In 1999, imitation learning was implemented into the process of training robots, and now, it is a component of reinforced learning. It is comparable to observational learning, in which young children learn how to participate in tasks by watching older people do them. A robot can be taught to carry out a task by the use of demonstrations, which make up the training set, and through the process of learning a mapping between observations and actions through imitation learning. After that, it replicates the behaviors it observes in the presentation in order to accomplish the ultimate objective. Imitation learning has been a significant contributor to the improvement of robots’ motor abilities and the reduction of the amount of human supervision required. The following is a list of some of the fascinating new developments that have come about as a result of applying imitation learning:

Learning how to patch mock human wounds with an accuracy of 85 percent by studying recordings of surgical techniques opens the door for robots to be used in surgery, according to the Da Vinci System4 technology. Surgeons will have more time to concentrate on activities that are more important since robots will do repetitive jobs.

Make it possible for a Robot to Learn a Language5: In a presentation given at a conference in 2018, MIT researchers discussed a parser that could learn language structure by studying captioned movies. The robot makes the connection between the words and the recorded actions and items. If the parser were given a new sentence, it would be able to reliably predict the meaning of the sentence even without the video.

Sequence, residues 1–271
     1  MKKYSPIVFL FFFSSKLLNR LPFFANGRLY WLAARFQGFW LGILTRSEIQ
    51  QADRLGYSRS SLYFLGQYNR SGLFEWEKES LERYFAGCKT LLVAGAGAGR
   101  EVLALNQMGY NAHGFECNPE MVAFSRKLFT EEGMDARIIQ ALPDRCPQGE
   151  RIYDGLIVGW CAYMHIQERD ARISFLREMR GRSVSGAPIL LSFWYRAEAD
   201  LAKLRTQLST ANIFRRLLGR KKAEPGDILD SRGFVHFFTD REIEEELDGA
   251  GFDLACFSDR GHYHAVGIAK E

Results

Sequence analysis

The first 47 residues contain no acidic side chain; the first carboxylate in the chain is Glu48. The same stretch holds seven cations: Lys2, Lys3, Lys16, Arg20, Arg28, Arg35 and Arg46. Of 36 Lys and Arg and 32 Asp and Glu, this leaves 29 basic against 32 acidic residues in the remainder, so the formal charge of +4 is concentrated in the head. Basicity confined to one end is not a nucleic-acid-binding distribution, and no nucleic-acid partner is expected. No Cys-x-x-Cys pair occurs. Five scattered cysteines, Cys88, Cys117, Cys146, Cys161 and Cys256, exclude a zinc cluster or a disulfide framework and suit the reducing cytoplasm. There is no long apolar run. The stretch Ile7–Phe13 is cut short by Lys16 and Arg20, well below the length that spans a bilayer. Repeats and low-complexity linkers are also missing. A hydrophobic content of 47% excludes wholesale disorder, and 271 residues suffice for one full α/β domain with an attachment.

Robots that are capable of Self-Supervised Learning

Robots can enhance their own performance through the use of self-supervised learning, which gives them the ability to construct their own training sets. Robots can learn to scale vast volumes of unlabeled data in a manner that allows for lifelong learning and reduces dataset bias when they use self-supervised learning. Anomaly detection, object recognition, obstacle avoidance, learning new tasks, and many other things are all examples of applications for this technology.

One such example is the Watch Bot, which was built by researchers from Cornell and Stanford6. In order to determine what constitutes “typical human behavior,” it employs a 3D sensor, a camera, a laptop, and a laser pointer. After that, it utilizes a laser pointer to target the object as a reminder (for example, the milk that was left out of the refrigerator), and it has successfully reminded humans of activities that they may have forgotten about sixty percent of the time. The researchers had widened their efforts by giving their robot access to web films in order for it to learn.